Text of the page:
Empirical Market Microstructure: The Institutions, Economics, and Econometrics of Securities Trading by Joel HasbrouckEmpirical Market Microstructure: The Institutions, Economics, and Econometrics of Securities Trading by Joel Hasbrouck

Empirical Market Microstructure: The Institutions, Economics, and Econometrics of Securities Trading

byJoel Hasbrouck

Hardcover | January 18, 2007

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The interactions that occur in securities markets are among the fastest, most information-intensive, and most highly strategic of all economic phenomena. Empirical Market Microstructure is about the institutions that have evolved to handle our trading needs, the economic forces that guide ourstrategies, and statistical methods of using and interpreting the vast amount of information that these markets produce. The empirical methods discussed in the book draw on the power of multivariate linear time series analysis. The book discusses the application of univariate ARMA analysis to trade prices, vector autoregressions to price and order data, and vector error correction models to situations where the samesecurity is traded in many markets. In these models, the tools of random-walk decomposition and co-integration emerge as important to specification and interpretation. The statistical specifications dont simply arise, however, as progressively more refined descriptive models; they have strong economic underpinnings arising from asymmetric information, inventory control, and the strategies of their participants. These topics are discusssed, interleaving with andemphasizing the connection to the statistical models. From a practical viewpoint, many of these models will be estimated to calibrate real-world trading strategies. Some market participants will be trying to discern strategies that generate profits from short-term trading. A much greater number, though, will be trying to accomplish trades that helpdiversify, hedge or reallocate a portfolio. Trading is not, for these agents, their primary economic purpose. They are simply trying to satisfy their trading needs at a minimal cost. The final part of the book discusses how these costs are measured, and strategies to minimize them--both by splittingorders over time, and by the judicious use of limit orders. The book includes numerous exercises; solutions and other supporting materials are available on the author's web site.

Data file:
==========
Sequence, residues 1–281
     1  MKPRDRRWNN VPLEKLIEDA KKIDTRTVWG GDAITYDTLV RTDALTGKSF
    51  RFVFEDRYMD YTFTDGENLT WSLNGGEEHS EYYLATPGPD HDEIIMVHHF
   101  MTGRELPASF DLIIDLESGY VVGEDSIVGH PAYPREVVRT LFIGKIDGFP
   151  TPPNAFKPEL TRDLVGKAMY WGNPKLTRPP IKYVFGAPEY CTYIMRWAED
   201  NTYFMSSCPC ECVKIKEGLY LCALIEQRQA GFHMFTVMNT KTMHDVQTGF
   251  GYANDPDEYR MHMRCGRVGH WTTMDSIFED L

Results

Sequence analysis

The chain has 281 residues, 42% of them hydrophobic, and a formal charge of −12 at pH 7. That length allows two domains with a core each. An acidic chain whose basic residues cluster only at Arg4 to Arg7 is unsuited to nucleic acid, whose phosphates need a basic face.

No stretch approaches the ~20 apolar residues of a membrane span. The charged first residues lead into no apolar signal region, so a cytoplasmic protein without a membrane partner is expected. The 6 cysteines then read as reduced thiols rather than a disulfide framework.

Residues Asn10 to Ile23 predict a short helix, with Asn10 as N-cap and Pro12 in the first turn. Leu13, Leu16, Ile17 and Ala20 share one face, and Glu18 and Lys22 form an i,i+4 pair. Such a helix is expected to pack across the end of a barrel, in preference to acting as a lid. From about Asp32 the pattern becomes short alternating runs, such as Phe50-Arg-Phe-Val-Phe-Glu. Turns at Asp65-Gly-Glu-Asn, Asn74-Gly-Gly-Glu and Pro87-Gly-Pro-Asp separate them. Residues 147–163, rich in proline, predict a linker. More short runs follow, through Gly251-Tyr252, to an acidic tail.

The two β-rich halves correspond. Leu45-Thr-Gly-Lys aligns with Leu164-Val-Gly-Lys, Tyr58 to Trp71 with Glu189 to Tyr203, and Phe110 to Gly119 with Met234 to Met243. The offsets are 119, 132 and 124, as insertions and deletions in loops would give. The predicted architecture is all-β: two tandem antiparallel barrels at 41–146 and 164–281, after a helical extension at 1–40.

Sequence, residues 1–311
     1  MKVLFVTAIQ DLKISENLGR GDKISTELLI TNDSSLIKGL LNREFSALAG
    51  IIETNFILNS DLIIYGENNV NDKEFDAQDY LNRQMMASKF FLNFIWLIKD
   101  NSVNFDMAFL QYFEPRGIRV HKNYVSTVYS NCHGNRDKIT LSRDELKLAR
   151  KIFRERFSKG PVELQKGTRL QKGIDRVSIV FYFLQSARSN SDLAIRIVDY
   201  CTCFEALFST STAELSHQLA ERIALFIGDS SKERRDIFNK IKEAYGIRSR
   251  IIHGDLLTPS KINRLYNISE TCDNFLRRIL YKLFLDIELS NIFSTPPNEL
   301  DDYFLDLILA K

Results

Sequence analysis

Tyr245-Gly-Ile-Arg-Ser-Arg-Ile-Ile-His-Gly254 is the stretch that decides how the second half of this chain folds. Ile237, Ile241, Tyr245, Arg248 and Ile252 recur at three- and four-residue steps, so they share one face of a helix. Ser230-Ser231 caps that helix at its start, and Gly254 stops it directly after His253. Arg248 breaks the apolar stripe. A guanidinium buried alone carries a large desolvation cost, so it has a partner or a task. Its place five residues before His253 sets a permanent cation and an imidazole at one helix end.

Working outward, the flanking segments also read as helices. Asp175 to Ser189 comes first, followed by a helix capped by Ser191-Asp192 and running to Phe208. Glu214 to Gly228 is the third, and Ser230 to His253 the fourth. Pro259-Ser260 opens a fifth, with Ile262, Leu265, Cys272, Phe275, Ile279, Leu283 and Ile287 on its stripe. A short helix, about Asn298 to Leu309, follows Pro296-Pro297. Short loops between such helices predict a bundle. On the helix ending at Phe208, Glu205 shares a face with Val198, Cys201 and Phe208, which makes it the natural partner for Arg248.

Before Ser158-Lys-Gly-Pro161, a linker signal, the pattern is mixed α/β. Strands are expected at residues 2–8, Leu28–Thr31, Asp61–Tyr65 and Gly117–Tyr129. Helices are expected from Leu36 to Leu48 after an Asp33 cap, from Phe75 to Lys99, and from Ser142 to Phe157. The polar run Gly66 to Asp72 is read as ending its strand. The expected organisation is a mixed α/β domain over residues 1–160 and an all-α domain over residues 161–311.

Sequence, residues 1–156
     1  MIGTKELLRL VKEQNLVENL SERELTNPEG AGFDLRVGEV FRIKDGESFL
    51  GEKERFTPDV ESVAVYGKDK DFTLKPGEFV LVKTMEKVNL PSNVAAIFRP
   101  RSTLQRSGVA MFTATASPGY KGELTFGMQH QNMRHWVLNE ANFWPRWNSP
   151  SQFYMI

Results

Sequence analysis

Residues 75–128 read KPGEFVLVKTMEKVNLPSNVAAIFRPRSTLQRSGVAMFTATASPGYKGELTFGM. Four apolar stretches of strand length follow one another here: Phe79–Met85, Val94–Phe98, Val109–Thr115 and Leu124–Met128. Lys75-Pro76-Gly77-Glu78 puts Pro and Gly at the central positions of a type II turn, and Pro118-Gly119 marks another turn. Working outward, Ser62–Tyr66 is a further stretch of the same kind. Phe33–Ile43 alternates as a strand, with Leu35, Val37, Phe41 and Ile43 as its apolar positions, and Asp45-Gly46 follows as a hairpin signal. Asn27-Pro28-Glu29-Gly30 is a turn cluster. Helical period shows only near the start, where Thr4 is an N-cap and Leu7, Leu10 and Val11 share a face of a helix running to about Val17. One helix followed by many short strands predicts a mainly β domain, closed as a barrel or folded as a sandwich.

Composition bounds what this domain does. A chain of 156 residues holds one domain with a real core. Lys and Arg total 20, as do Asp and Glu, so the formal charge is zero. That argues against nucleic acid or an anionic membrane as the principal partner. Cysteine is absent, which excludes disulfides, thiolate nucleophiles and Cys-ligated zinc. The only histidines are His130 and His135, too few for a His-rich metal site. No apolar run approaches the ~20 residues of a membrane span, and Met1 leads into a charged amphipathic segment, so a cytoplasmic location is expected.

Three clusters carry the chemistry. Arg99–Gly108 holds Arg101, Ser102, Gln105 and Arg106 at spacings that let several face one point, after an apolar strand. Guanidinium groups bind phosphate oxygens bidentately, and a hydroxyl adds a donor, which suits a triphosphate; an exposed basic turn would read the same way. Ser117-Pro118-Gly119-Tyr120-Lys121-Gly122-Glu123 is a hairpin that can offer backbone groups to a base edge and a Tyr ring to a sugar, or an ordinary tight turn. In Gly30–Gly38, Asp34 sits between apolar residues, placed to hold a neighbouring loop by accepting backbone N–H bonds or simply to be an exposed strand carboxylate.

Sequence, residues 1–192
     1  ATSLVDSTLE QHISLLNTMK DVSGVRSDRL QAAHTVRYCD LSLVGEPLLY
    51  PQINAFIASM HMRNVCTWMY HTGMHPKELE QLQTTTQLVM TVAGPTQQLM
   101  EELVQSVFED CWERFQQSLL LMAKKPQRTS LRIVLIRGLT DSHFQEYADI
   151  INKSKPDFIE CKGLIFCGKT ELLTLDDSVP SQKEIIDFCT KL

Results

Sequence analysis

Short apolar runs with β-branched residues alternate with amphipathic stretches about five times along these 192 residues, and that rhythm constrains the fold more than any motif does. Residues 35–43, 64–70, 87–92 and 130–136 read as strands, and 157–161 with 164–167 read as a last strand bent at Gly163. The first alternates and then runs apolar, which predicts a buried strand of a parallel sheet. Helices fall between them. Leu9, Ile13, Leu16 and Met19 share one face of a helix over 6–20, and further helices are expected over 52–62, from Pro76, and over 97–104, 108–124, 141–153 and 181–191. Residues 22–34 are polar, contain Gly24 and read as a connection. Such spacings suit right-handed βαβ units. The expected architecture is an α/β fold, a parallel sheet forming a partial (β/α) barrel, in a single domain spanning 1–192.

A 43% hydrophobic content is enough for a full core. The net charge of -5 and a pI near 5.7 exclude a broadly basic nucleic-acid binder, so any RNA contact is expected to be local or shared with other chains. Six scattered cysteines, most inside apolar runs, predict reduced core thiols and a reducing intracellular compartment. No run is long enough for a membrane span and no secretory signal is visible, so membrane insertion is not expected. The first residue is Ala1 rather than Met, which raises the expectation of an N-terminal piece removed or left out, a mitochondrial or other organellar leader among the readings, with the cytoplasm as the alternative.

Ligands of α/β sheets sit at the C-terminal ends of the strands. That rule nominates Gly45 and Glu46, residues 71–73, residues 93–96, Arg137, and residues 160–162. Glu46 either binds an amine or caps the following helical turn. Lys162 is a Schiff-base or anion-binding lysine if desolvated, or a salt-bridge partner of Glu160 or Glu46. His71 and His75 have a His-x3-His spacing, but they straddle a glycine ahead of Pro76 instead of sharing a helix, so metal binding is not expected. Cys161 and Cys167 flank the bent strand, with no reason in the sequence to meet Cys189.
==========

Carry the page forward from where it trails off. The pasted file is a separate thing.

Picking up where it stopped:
Joel Hasbrouck is the Kenneth G. Langone Professor of Business Administration and Professor of Finance at the Stern School of Business, New York University. In addition to teaching at Stern, he has served as a constultant to the New York Stock Exchange and the American Stock Exchange, and on the scientific adviosry board of ITG, Inc. a...
Title:Empirical Market Microstructure: The Institutions, Economics, and Econometrics of Securities TradingFormat:HardcoverDimensions:208 pages, 6.3 × 9.29 × 0.98 inPublished:January 18, 2007Publisher:Oxford University PressLanguage:English

The following ISBNs are associated with this title:

ISBN - 10:0195301641

ISBN - 13:9780195301649


Table of Contents

1. Introduction2. Trading Mechanisms3. The Roll Model of Trade Prices4. Univariate Time-Series Analysis5. Sequential Trade Models6. Order Flow And The Probability of Informed Trading7. Strategic Trade Models8. A Generalized Roll Model9. Multivariate Linear Microstructure Models10. Multiple Securities and Multiple Prices11. Dealers and Their Inventories12. Limit Order Markets13. Depth14. Trading Costs: Retrospective and Comparative15. Prospective Trading Costs and Execution Strategies

Editorial Reviews

"Joel Hasbrouck provides the first integrated introduction to the most important models of empirical market microstructure. The development is logical and easy to follow. Students and practioners will undoubtedly greatly appreciate the care with which Hasbrouck has identified the strengths andweaknesses of the models, and their relations to each other. This book represents an outstanding synthesis of academic work over the last 20 years. It is--and will long be--the authoritative treatment on the subject."--Larry Harris, Fred V. Keenan Chair in Finance, USC Marshall School of Businessand author of Trading and Exchanges (OUP, 2002)